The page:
BF: There’s been a lot of dialogue around what “patient-centered medicine” means and how is it different from how medicine has been traditionally practiced. Physicians ask patients how they are doing and what side effects they are having. Isn’t that what we are talking about when we talk about patient-reported outcomes? Am I mistaken or does there seem to be this failure of communication between the policy world and the practice world? That patient-centered medicine and patient-reported outcomes mean something other than a review of systems in a SOAP note?
JB: This is a good question. We have evolved now to where the concept of patient-reported outcomes—that is, how did the patient feel, what are the symptoms, how is the individual being treated, how do they feel without the bias of a review of systems or the bias of a clinician interpretation—this is a component of care that we are just starting to determine where it will fit in. Getting back to Dr. Yu’s point that part of the value equation and value discussion as we move forward will depend on patient-reported outcomes that may be beyond the review of systems and beyond the typical discussion between a clinician and an individual with cancer when undergoing treatment: The challenge for all of us is what does this actually mean? There are validated instruments out there that go beyond the typical 0 to 10 scale of how one feels or how much pain one has. There is a push from the patient advocacy community, and individual patient reporting is more of what they want to see. They want to be able to report what they experience and have that report add to the record or the menu of care without interpretation or editing by the people caring for them. The FDA has recognized the value of patient-reported outcomes and has actually approved drugs based on patient outcomes. And the FDA has given guidance to the industry on how to incorporate patient-reported outcomes into registration trials. This is going to be part and parcel to what we do, and I don’t think anyone really knows where this will be in 3 to 4 years. It does depend on gathering real-world data, and how we do that, and how much data we can gather to evaluate and validate whether there is a difference between what patients perceive and what patients say they experience and what the traditional review of systems says is occurring. It’s important to patients, and it’s part of what we are going to do.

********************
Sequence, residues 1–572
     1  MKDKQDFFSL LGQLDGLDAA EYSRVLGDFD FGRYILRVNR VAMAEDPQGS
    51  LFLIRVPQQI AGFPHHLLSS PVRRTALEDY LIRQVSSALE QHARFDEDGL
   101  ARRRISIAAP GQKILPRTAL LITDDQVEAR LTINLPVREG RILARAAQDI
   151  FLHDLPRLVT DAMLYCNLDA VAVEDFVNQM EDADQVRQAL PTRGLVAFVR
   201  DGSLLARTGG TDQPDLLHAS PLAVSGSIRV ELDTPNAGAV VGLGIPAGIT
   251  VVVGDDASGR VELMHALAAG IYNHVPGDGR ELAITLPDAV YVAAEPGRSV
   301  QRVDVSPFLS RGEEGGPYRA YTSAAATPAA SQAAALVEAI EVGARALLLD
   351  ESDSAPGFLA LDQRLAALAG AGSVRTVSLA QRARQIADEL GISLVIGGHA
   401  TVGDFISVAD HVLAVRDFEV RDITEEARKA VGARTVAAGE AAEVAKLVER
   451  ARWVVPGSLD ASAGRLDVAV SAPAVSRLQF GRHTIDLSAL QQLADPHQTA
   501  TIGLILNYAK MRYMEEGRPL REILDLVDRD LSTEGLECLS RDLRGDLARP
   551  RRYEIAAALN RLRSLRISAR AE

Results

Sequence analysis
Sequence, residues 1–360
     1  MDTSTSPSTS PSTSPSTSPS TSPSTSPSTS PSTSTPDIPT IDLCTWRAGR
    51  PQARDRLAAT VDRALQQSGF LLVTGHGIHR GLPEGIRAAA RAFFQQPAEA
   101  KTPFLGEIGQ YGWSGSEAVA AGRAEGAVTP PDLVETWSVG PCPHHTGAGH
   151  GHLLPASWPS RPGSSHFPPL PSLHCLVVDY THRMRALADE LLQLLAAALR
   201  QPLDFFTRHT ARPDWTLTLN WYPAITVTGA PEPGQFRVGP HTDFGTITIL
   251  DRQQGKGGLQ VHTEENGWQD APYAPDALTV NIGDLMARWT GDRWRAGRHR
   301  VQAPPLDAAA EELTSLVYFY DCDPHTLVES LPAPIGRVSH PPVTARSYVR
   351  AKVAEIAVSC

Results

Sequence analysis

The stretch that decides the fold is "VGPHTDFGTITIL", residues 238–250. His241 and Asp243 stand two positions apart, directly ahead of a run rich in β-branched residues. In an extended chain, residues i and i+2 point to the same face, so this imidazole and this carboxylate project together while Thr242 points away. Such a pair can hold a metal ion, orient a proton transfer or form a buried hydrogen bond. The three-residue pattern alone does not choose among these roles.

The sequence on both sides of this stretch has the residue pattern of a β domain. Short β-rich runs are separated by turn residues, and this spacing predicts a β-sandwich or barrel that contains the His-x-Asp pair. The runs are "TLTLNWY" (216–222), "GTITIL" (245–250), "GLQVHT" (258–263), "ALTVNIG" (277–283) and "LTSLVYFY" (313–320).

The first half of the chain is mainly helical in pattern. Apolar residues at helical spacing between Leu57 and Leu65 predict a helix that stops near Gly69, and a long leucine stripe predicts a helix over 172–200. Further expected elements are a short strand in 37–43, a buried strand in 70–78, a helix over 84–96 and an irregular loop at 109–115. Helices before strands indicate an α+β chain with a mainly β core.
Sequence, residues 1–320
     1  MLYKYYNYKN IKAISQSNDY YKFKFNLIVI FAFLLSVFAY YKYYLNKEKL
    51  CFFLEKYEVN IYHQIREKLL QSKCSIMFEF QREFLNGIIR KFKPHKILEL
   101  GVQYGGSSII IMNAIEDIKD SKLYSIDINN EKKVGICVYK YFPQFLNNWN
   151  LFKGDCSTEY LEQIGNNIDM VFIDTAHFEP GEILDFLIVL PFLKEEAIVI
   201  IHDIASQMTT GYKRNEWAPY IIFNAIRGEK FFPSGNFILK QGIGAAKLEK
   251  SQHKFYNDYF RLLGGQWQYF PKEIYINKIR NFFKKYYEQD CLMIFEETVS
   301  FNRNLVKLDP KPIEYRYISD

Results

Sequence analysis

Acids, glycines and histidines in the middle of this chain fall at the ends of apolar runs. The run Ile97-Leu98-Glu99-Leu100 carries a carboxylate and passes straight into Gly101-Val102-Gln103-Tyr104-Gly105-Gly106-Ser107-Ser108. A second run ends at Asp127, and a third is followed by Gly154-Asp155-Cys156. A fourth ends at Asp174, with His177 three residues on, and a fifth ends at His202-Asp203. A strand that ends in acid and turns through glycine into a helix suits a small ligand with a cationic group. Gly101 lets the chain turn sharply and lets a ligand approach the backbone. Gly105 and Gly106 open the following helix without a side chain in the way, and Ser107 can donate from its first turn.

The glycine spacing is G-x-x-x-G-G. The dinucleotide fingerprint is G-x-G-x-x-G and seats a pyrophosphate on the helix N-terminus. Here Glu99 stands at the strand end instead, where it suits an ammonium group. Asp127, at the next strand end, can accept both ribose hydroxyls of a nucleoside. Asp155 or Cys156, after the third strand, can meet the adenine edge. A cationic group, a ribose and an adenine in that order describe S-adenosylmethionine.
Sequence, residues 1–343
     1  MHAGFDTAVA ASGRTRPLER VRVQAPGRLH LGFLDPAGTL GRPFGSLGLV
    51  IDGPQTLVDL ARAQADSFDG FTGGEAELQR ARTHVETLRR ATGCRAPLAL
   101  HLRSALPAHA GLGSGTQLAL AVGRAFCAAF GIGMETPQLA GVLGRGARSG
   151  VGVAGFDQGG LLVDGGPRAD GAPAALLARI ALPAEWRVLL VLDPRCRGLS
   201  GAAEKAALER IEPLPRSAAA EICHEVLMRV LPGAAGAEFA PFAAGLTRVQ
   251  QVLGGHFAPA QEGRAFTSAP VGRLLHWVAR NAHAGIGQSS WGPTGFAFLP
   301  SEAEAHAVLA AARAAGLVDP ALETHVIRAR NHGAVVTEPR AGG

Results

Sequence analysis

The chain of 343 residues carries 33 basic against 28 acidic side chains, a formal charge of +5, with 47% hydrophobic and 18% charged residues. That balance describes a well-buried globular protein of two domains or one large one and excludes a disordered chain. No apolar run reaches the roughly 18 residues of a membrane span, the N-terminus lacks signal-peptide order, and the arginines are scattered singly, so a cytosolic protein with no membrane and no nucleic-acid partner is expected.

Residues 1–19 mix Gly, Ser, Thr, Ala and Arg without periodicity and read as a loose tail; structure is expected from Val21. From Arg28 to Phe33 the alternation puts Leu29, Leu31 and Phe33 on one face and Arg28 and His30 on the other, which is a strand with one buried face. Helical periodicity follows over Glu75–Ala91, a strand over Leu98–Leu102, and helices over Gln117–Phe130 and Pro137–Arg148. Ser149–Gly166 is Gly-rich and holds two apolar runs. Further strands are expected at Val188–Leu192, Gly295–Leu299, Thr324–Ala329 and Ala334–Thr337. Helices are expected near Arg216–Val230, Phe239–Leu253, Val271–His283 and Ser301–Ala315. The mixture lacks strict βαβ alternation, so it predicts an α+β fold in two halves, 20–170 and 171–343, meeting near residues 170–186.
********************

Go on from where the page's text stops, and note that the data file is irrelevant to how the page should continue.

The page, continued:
BF: I’ve had the opportunity to moderate some physician meetings recently: The value-based tools have come up, and I’ve been probing the audience to understand if these tools are being used by physicians, by patients, by both as part of shared decision-making. When I ask if patients are going online and trying to use them independently, invariably the response has been no. The uptake at this point seems to be very limited. There seems to be a great deal of confusion regarding how exactly these tools should be used to aid in the decision-making process. Complaints abound that they are not very intuitive. Have you had a similar experience as you’ve been out talking with physicians? Do you think this is a normal adoption curve and it’s just a matter of time, or do you think there are some inherent issues in the design?
JB: I don’t think it’s a normal adoption curve, and I’ve heard many physicians and others comment as you have. I don’t know whether it’s inherent in the design as a whole, but there are some issues inherent in the design. The use of clinical trial data as the only metric for the signs, symptoms, dosages, etc is a challenge. Also, how much are these tools needed? I too have heard physicians saying that their practices have financial counseling. They’ve dealt with this for a while, and they don’t know if the addition of an arbitrary cost score or cost amount in a value-based tool will help a practice any more than what they have now. There’s a question in some practices that they don’t see how this will be a value to add to their EMR. They don’t see how this is any different from what they already discuss in one manner or another. So to add a “requirement” that one would have to use a value-based tool is not something when I talk to physicians that they see as useful to their practice.